Lieutenant Colonel Way, Commanding, 4th Cavalry Brigade (dismounted) (OR 1885):

The enemy formed all along our front and seemed to be preparing for an attack, when the artillery of the 1st Brigade opened, which with a brisk fire from the line, caused him to withdraw his main force, though he kept a skirmish line in our front.

Lieutenant General Wheeler, observing the strengthening Federal position, sent a message to Lieutenant General Hardee requesting reinforcement.

Lieutenant General Wheeler (OR 1885):

We find artillery here, and have but two small Regiments. Can you not send more forces up? The enemy have retired from four lines of works. Each line of works was for about 100 men.

With the Federal Cavalry becoming more aggressive, Lieutenant General Wheeler sent a situation report to Lieutenant General Hardee.

Lieutenant General Wheeler (OR 1885):

Having run against some artillery, and not having sufficient force to drive the enemy from his position, I have taken up a position and will await your order. The enemy were driven from four lines of works by flanking him, but when we came upon artillery he showed himself rather bold. He advanced upon us, but only a short distance.

1900 — Dusk
As daylight and the chance to rout Brevet Major General Kilpatrick’s men slipped away, Lieutenant General Wheeler made one last attempt.

Lieutenant Charles Blanford, U.S.A., Howitzer Battery, 1st Brigade (OR 1885):

About dark the enemy came charging upon our front, mounted, when I was ordered by Colonel Jordan to open fire on them; after firing a few rounds the enemy drew off, and did not molest us again during the night.

Darkness and fatigue compelled the Confederates to retire to their camp a few hundred yards in front of the Federal position.

During the day, Brevet Major General Kilpatrick had received orders from General Sherman instructing him to proceed to Fayetteville via New Gilead, then to Solemn Grove; his mission was to protect the left flank of the Army and not embroil himself in battle with the Confederate Cavalry. Men and horses were to be saved for expected battles along the Virginia border.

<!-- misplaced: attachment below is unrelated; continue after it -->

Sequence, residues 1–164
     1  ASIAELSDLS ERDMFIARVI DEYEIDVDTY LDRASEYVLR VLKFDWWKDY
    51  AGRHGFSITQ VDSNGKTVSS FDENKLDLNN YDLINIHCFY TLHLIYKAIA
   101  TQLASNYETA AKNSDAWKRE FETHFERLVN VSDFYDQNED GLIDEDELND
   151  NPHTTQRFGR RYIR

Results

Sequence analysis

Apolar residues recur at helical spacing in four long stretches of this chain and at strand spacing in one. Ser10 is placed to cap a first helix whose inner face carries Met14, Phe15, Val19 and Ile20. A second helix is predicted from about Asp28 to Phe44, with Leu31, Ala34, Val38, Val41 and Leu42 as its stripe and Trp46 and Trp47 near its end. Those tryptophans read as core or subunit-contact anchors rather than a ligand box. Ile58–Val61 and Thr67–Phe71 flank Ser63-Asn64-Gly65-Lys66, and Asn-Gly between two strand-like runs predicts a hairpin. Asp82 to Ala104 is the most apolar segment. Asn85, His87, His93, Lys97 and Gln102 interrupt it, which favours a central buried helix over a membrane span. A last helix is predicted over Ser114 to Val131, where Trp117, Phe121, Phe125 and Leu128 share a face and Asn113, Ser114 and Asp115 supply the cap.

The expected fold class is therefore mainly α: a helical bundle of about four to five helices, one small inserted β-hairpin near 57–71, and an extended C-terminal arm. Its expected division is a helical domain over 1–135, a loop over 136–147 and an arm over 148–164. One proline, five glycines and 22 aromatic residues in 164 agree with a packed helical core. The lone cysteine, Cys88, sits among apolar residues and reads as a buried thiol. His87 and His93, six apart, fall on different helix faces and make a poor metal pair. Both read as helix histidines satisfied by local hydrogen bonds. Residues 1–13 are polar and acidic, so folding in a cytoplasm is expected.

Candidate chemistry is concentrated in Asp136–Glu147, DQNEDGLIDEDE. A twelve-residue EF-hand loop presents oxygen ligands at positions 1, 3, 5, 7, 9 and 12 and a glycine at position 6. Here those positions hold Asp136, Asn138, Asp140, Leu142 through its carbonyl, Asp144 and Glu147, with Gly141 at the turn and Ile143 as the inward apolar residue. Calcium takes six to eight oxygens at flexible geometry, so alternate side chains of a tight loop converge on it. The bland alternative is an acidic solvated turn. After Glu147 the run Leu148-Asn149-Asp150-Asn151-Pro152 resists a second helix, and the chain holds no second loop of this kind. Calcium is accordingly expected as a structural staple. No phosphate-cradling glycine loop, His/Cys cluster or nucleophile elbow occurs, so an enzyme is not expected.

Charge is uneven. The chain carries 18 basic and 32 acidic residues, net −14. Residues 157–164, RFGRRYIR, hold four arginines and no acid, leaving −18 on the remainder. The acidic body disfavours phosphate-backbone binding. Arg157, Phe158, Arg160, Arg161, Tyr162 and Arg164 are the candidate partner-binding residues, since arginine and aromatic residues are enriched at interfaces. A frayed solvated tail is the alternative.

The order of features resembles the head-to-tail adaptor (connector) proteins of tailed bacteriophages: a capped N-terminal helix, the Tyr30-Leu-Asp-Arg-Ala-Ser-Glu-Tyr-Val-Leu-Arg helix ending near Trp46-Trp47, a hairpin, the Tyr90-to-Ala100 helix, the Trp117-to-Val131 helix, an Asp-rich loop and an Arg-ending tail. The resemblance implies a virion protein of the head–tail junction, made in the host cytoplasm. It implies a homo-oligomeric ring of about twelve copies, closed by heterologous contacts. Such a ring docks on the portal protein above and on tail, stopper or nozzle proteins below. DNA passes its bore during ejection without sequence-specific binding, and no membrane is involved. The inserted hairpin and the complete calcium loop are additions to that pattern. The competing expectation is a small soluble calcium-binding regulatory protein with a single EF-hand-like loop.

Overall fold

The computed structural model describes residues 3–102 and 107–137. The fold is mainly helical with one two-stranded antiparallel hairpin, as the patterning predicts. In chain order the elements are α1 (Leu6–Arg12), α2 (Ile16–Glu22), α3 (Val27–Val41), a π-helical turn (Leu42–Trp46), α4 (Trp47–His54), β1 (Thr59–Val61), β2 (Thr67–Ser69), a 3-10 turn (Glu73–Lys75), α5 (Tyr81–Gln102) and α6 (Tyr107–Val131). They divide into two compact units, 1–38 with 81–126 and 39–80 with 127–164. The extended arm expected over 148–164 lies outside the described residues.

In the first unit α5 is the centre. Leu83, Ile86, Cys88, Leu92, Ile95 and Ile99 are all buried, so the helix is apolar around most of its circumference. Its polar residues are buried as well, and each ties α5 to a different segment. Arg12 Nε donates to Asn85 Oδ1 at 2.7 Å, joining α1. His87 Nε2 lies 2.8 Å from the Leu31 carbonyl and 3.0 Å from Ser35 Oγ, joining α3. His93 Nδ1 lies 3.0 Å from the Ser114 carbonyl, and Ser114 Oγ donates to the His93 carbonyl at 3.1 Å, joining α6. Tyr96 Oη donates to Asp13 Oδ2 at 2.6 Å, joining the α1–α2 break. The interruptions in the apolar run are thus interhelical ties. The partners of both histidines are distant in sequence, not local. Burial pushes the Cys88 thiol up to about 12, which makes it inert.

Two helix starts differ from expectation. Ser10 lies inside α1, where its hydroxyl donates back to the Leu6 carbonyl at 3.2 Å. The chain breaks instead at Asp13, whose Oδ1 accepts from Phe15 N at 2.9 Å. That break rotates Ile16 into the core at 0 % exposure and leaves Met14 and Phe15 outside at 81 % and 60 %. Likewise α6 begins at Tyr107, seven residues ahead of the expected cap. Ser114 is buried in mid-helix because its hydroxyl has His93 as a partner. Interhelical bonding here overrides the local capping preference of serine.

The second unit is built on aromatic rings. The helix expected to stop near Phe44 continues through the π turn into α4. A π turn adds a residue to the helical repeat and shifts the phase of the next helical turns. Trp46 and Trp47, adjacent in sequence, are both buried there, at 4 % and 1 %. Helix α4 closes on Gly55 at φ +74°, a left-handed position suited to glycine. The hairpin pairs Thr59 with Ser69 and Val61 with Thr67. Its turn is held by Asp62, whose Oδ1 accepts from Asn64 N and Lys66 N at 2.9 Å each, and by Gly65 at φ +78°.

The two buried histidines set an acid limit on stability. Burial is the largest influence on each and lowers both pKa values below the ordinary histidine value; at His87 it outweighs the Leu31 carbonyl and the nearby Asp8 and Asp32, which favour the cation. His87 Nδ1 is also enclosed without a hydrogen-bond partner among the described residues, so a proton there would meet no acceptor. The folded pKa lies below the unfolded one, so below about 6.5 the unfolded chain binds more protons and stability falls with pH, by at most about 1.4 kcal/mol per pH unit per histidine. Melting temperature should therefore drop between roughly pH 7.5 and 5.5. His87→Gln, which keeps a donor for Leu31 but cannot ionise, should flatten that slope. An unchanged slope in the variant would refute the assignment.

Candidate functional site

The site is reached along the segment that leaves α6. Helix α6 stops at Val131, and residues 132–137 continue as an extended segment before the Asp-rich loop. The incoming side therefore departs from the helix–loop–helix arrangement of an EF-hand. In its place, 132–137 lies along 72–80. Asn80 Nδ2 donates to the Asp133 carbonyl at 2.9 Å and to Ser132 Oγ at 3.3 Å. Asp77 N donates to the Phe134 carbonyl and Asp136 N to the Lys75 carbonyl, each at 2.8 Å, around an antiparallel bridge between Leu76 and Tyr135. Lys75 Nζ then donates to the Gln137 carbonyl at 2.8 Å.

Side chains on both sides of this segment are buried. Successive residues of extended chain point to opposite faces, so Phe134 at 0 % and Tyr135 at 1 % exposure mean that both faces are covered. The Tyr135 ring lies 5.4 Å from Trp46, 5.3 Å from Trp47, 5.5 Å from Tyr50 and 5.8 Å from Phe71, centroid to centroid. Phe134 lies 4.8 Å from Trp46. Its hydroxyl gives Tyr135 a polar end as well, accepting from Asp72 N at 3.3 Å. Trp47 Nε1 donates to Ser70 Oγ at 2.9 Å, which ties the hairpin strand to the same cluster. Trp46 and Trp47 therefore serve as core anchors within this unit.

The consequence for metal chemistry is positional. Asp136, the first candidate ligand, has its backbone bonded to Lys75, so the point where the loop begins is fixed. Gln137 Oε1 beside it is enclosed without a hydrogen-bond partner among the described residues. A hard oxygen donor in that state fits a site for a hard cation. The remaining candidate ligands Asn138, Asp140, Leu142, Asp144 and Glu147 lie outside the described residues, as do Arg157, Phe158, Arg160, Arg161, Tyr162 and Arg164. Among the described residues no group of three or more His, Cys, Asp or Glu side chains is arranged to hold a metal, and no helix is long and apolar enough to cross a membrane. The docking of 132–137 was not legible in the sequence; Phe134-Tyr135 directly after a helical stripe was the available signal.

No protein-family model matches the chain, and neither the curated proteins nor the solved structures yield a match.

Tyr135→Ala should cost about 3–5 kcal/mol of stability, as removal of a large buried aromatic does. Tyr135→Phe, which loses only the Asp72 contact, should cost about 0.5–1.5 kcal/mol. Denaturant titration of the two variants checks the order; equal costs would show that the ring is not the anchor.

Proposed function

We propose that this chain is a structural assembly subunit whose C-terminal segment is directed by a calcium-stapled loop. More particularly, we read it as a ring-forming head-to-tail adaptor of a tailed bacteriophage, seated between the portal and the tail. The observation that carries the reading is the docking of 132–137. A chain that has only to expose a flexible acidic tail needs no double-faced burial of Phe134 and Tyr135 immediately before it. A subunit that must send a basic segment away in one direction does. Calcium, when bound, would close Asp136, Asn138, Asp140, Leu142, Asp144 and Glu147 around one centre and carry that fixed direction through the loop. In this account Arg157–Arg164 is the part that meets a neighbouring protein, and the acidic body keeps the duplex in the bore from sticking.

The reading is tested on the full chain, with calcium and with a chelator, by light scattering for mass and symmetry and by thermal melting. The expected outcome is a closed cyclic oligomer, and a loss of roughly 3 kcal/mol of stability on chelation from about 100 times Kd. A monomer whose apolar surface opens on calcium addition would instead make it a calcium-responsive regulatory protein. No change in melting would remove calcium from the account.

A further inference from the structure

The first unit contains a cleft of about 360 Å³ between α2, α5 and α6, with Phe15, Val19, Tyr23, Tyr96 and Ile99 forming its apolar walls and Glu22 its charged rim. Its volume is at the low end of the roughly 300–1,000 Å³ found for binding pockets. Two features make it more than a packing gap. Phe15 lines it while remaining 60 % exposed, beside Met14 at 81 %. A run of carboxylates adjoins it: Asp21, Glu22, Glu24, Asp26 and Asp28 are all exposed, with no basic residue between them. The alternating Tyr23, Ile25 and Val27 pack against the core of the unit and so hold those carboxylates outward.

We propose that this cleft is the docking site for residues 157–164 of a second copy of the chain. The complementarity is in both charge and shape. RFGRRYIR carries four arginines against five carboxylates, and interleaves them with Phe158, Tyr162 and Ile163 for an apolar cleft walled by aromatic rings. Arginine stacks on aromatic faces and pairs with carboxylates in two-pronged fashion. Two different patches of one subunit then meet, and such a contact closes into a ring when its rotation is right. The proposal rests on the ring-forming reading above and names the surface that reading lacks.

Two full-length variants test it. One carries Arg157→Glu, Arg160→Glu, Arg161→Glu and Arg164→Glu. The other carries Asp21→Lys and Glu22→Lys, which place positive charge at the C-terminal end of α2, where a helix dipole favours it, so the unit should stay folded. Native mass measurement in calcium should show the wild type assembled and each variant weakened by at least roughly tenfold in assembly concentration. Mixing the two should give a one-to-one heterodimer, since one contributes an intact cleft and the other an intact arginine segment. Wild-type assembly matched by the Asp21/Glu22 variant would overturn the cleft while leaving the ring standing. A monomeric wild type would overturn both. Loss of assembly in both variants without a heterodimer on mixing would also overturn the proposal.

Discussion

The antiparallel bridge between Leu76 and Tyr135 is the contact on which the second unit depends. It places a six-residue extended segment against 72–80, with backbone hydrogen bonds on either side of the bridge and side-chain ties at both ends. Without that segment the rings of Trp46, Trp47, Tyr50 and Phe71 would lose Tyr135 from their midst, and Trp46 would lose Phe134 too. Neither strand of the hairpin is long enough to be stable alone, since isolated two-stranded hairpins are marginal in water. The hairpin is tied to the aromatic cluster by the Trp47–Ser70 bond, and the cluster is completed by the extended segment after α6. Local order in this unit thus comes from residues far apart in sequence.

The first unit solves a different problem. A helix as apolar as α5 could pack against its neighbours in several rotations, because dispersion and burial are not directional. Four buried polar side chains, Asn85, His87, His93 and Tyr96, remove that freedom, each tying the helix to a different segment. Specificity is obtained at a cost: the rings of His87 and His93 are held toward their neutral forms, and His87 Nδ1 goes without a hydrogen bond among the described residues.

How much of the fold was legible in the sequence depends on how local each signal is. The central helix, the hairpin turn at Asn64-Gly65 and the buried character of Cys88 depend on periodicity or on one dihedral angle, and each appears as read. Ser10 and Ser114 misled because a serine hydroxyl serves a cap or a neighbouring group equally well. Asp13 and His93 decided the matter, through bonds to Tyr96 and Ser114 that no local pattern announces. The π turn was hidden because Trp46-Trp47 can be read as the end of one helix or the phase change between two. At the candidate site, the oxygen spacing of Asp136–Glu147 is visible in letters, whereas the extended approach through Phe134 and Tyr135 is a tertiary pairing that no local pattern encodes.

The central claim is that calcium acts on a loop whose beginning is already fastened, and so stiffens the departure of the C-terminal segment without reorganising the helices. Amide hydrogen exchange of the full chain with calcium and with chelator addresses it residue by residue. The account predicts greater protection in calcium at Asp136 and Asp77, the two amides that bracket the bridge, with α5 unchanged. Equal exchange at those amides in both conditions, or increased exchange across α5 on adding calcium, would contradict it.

5 March 1865
Fully expecting an early morning attack, the Federal cavalrymen were pleased to see the Confederates had decamped and moved on during the night.

Brevet Brigadier General Thomas J. Jordan’s, U.S.A., 1st Brigade marched by Morven’s Post Office to the Pee Dee River, crossing one mile south of the North Carolina line. Lieutenant General Wheeler, anxious to identify the route Lieutenant General Hardee was taking to Fayetteville, swam the Pee Dee River accompanied by Privates McKnight and Nance. The river was then in extraordinary flood. "The oldest river men had never seen higher water nor a more angry current" (Du Bose 1912b).

Reports of Federal troop movements indicated that General Sherman’s objective was Fayetteville. It was necessary for Lieutenant General Wheeler to communicate this to Lieutenant General Hardee, lest Hardee continue moving toward Charlotte.

6 March 1865
Confederate General Johnston is given command of the Department of North Carolina.

7 March 1865
Brevet Brigadier General Jordan’s 1st Brigade, halted to feed, were joined by Brevet Major General Kilpatrick and his staff. Brevet Major General Kilpatrick accompanied the 1st Brigade on the march to Rockingham.

The 1st Brigade reached Rockingham. As they entered the town, the Brigade’s advance guard, the 9th Pennsylvania and the 3rd Kentucky (U.S.), were attacked by Lieutenant General Wheeler’s and Major General Butler’s Cavalry. After heavy skirmishing, the 1st Brigade succeeded in driving the Confederates off.

Lieutenant General Wheeler (OR 1885):

With 20 men of Shannon’s Scouts I attacked and killed or captured 35 of the enemy near Rockingham, NC.


Execution (continued)